Hunter Hayes Says ACM Lifting Lives Music Camp Is 'Why We Love Country Music'

Ross Copperman and Hunter Hayes
Terry Wyatt/Getty Images for Academy of Country Music

Ross Copperman and Hunter Hayes attend the ACM Lifting Lives Music Camp Studio Day With Hunter Hayes And Ross Copperman on June 22, 2015 in Nashville, Tennessee.

Just like any artist who's been in the industry awhile, Hunter Hayes has moments where he becomes a little jaded. However, Monday morning was not one of them. The Grammy-winning performer visited Nashville’s Ocean Way Studios to make an appearance at the 2015 ACM Lifting Lives Music Camp.

A partnership with Nashville’s Vanderbilt Kennedy Center for Excellence in Developmental Disabilities, the camp allows children with Williams Syndrome to learn more about music and the art of making a record. This year, campers enjoyed a Bluebird Café experience with Scotty McCreery, a Wildhorse Saloon meet-and-greet with JT Hodges, as well as karaoke with The Swon Brothers. With the help of Ross Copperman and Heather Morgan, the campers wrote a song titled “Wherever You Go,” which they recorded Monday morning. Hayes stopped by to see how the session was going and admitted to Billboard that the experience reminded him of all that is good in music.

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“That’s what music is about,” he said following the session. “That’s why we love country music. It’s about telling your story. It puts it back into the spirit that it should be. We make music because we love to make music, and they do too. That spreads, and it’s very inspiring. It changes the spirit of your day, month, week or year. Having that experience, I feel very fortunate.”

After the session, Hayes took time to answer questions and pose for pictures with the campers. “It was just incredible,” he said. “That’s real music passion right there. Everyone was telling me how awesome this camp was going to be, and it far exceeded my expectations. It was special.”

Hayes’ ACM Lifting Lives experience is not over, however. Tonight, on the Grand Ole Opry, the campers will join him during his set to perform the song, which he says he greatly identified with. “The lyrics of that song are messages that I love to sing about. As soon as I heard about it, it resonated with me. The fact that they wrote it and everything else about it makes this such a spectacular moment.”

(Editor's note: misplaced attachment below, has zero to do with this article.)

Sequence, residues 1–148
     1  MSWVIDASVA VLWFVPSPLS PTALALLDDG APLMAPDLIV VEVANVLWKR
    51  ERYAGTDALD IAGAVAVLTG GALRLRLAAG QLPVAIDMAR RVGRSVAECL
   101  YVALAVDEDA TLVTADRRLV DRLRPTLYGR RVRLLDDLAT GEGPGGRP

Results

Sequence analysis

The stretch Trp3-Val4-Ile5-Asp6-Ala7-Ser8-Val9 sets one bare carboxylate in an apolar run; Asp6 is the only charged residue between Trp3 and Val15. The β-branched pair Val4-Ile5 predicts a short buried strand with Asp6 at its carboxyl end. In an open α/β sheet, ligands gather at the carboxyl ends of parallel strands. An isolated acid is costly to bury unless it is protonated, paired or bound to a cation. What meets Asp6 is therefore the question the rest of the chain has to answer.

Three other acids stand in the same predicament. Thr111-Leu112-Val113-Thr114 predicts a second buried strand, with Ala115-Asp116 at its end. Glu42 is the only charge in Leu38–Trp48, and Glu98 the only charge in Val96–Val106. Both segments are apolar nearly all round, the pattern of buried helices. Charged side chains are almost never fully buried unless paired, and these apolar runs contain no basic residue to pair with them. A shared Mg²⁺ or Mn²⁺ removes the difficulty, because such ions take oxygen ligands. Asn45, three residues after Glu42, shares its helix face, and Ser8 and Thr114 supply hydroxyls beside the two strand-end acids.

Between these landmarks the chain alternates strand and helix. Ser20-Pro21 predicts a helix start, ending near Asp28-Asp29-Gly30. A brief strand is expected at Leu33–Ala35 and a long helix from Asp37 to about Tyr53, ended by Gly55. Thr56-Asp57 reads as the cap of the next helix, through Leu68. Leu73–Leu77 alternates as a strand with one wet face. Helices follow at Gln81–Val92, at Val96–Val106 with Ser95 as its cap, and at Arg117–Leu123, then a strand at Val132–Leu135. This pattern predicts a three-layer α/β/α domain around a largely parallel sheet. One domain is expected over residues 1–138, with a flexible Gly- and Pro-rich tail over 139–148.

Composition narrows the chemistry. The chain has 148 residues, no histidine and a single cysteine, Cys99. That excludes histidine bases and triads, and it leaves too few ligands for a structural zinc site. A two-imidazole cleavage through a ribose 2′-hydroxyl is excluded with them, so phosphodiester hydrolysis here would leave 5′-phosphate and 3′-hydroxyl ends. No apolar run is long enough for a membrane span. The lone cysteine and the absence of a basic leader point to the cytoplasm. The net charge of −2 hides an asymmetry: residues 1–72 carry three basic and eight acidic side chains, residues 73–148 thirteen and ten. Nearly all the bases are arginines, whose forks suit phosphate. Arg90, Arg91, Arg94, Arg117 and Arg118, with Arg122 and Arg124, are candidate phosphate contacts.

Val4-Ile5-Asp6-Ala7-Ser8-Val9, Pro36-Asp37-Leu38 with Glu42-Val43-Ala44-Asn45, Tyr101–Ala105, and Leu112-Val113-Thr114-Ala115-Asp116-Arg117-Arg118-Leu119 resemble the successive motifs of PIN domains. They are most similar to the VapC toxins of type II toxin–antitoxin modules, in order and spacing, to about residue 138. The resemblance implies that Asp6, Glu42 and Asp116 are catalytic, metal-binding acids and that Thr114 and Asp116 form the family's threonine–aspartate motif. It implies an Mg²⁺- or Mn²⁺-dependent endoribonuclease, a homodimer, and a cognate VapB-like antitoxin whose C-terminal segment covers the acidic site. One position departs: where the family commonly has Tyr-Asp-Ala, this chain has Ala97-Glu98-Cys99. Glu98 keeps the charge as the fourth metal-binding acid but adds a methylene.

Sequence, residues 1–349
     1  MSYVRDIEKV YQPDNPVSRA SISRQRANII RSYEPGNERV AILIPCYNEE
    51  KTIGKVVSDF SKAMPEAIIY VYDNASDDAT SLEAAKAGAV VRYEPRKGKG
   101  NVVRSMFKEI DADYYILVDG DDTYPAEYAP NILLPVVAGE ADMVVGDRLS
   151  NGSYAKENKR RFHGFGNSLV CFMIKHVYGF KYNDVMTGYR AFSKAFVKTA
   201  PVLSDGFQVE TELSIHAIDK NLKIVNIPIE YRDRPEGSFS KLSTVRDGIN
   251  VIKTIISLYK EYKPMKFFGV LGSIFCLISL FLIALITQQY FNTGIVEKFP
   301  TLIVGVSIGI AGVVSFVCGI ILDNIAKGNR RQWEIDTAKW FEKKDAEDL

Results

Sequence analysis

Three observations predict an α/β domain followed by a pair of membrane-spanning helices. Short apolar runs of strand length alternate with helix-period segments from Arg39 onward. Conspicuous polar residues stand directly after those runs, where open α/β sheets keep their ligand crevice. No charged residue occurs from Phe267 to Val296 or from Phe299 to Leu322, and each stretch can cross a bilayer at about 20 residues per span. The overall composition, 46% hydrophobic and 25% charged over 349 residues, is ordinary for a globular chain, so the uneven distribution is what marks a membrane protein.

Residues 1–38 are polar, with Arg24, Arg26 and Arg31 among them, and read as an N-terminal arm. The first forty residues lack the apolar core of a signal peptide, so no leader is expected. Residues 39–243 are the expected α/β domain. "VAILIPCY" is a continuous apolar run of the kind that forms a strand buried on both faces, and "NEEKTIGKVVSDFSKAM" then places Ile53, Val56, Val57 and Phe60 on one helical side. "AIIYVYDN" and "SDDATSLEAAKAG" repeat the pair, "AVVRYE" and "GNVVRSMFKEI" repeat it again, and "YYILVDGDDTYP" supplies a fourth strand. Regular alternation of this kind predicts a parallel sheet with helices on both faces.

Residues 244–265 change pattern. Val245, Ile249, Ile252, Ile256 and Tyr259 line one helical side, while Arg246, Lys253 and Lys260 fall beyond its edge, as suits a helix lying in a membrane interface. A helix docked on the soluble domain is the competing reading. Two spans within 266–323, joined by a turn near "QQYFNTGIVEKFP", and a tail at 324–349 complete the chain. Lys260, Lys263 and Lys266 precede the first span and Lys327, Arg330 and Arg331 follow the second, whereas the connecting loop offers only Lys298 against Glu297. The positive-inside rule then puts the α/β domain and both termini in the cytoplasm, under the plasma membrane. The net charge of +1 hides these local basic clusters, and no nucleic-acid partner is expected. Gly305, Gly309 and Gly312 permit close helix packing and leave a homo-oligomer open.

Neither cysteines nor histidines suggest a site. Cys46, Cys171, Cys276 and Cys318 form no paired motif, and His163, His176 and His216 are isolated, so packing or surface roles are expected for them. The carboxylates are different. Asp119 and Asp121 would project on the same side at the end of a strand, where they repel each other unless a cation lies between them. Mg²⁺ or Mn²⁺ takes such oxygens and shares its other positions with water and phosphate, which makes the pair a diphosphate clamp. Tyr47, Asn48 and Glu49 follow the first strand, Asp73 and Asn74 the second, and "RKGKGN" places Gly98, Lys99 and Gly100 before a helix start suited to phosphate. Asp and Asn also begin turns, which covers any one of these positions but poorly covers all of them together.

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Camper Seth Link told Billboard that he looks forward to this week all year long. “This is my 11th year. It’s been great. We’ve worked hard on the song, and everyone has been amazing together. It’s been one big happy family. Every year the song is different, so it’s always interesting to record a different song than in the past. It’s a cool experience.”

Link said he enjoys learning about each step of the creative process. “You go into a record store, and you listen to them on the radio, but nobody really knows just how the process works unless they’ve seen it being done. This camp brings to life how everything works together. You start with the songwriting process, then you practice, and then you track and get to the recording studio, perform it, then perform it the next night. It’s incredible for all the campers.”

ACM Lifting Lives’ Hannah Martin says that the event is a yearly highlight for the charity arm of the organization. “I love it. It’s one of our staff’s favorite times of the year. This is my third camp, and so many of the campers I’ve gotten to know, like Seth. I love getting to see them each year, hear their ideas and see them grow. From year to year, I don’t know how they come up with the ideas, but they are so good. They are such a blessing to all of us.”

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The week would not be possible were it not for the participation of the artists, says Martin. “We’ve had such an outpouring of love from the artist community. They really make this all possible. I get to do the fun part, in working with the artists who come in and hang out with the campers, while Vanderbilt is doing all of the research, so they can go out and help out others with Williams Syndrome.”

And Hayes admitted that he just might have found some jamming partners, with two of the campers slyly telling him they played upright bass and mandolin, respectively. "I was struck to hear them talk about playing upright bass. That’s one of my favorite instruments. And one of them plays the mandolin, which is really cool. Each of them is musically talented, in so many ways. You can see the passion and love they have for it, which is awesome. This is a great event…for all of us.”


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